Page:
Digital transformation on full display at GITEX 2018
The Dubai Police Department and the city's Road and Transport Authority explain how they're using digital technology to transform customer experience.
The Digital CIO
By Zeus Kerravala, CIO
As is the case with most tech shows today, digital transformation was front and center at last week’s GITEX technology show in Dubai — the largest such conference in the Middle East. Not only did vendors demonstrate their enabling technologies, but govenment agencies showcased the technology they are using.
For most organizations, the top area of focus for digital technologies is improving customer experience. In fact, countless studies indicate that how businesses deal with customers will determine whether they are the market leader or laggard, as digital technologies create new experiences that drive loyalties, cut costs and enable things previously impossible.
To help organizational leaders put together a strategy on how to improve service, unified communications (UC) and contact center (CC) vendor Avaya, commissioned Davies Hickman Partners to complete a global study of 8,000 global consumers. As part of its show activities, Avaya analyzed the data and highlighted eight key findings for SuperServe (companies that want to excel in customer service) organizations:
Consumers want differentiated services, underscoring the need to prioritize customer experience in digital transformation.
New voice technology has grown in popularity, requiring organizations to build strategies around voice assistants.
Omni-channel accelerates customer experience transformation. Organizations need to integrate interactions across all channels, including voice, video, chat, and messaging.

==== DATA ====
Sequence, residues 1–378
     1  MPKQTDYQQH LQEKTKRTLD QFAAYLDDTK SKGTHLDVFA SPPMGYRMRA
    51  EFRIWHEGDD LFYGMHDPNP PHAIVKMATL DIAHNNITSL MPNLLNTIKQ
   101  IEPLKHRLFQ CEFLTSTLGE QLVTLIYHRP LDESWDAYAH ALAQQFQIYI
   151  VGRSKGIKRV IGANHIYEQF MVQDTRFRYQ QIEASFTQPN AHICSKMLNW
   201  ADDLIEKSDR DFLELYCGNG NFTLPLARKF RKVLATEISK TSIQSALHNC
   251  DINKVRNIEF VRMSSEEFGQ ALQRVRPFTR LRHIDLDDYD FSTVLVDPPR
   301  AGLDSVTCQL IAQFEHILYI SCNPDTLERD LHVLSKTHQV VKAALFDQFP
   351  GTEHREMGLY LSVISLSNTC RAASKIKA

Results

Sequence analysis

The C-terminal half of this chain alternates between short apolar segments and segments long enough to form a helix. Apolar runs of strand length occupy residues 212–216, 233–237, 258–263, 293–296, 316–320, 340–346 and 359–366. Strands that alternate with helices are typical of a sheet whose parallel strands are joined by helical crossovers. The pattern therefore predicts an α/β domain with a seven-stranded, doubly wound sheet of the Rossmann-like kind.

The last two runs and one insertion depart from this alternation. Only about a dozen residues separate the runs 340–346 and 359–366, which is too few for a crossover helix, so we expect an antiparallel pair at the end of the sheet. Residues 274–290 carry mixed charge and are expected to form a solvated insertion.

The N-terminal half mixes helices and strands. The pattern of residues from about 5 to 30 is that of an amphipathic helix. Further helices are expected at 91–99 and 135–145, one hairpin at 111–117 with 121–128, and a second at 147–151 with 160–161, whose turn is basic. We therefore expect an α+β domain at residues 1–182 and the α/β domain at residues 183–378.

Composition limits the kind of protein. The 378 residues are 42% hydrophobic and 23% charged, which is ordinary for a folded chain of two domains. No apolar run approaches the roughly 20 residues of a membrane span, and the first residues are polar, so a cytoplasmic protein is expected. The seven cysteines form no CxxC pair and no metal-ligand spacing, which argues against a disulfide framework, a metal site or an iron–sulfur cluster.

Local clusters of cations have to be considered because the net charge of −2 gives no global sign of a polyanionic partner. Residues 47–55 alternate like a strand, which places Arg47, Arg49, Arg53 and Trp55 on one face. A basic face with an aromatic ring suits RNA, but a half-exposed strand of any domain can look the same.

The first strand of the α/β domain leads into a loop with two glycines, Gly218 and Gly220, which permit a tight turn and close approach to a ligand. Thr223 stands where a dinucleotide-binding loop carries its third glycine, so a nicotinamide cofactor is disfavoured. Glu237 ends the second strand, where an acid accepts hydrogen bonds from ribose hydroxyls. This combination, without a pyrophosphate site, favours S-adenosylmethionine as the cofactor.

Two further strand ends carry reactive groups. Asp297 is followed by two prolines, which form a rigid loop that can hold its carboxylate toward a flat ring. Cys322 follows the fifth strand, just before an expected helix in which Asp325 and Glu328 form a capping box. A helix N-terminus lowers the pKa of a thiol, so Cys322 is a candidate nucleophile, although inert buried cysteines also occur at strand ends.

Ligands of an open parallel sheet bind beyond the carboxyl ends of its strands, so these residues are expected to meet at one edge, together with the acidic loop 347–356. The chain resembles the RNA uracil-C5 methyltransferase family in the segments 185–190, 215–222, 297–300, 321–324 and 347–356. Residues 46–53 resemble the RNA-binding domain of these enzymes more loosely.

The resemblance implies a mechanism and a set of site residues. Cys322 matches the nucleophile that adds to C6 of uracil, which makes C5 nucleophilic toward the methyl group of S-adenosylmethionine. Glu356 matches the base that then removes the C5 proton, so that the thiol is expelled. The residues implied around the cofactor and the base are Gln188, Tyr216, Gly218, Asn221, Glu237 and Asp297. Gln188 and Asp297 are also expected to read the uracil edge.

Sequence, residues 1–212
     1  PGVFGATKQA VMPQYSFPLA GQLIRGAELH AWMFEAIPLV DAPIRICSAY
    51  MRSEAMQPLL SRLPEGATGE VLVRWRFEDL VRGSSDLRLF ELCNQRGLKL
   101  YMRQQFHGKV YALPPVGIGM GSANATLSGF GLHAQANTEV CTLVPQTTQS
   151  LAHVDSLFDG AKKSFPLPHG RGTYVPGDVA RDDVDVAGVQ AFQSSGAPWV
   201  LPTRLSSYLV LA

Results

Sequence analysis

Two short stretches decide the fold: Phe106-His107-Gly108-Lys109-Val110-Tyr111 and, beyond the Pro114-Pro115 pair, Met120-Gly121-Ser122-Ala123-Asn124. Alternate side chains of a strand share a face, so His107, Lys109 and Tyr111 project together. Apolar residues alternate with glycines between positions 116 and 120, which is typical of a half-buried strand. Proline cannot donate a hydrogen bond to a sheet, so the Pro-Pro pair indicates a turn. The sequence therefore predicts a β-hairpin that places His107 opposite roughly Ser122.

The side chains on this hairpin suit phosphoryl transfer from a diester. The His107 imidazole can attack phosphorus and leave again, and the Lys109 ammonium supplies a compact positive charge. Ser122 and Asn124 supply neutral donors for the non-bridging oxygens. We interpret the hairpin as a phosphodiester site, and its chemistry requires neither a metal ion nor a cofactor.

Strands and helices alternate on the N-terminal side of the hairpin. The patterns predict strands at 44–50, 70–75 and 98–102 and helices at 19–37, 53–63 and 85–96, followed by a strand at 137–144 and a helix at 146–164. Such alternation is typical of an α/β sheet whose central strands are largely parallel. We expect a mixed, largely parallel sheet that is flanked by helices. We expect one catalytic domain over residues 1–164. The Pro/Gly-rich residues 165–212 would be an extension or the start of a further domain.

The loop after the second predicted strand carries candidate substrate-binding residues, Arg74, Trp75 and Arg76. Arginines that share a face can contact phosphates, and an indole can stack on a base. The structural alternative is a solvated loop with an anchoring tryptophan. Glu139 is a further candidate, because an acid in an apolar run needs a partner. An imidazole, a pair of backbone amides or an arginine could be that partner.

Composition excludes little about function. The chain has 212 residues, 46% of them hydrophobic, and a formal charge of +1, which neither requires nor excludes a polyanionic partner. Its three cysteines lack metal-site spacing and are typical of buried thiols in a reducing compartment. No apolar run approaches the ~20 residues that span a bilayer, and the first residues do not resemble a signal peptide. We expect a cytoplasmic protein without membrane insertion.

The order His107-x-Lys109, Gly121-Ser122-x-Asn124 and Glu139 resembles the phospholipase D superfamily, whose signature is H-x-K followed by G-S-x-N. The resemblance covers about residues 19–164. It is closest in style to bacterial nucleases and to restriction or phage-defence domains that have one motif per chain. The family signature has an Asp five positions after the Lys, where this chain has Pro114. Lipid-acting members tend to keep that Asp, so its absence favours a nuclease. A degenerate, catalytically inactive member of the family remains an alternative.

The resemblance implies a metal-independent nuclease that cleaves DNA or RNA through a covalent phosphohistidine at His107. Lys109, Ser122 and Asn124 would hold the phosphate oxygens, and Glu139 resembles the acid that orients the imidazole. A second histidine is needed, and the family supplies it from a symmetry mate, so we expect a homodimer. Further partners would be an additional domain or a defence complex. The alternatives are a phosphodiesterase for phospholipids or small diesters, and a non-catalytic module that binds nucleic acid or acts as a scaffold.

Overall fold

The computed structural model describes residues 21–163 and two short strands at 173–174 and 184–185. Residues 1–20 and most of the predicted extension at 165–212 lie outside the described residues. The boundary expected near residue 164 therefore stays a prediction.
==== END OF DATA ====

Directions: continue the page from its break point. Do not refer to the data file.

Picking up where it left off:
Predictive services are in high demand. Such services enable companies to anticipate customer and employee need using technologies such as artificial intelligence.
Personal data needs to be protected, meaning digital services can’t be at the expense of privacy
Faster and smarter voice interactions are vital. Superior customer contact centers will need to be able to quickly resolve complex or empathy-based interactions.
Video drives a human touch. Greater understanding is achieved when video is used for human or customer interactions.
Employees want the latest technology. This will enable them to interact with customers and co-workers better.
The summarized data was certainly interesting and provides a strong, high-level look at customer experience today. What specificially are organizations doing to implement those strategies into their digital plans? Several of the region’s leading organizations shared their initiatives with me, includng the Dubai Police Department and Dubai’s Road and Transport Authority.
Dubai Police Department’s digital strategy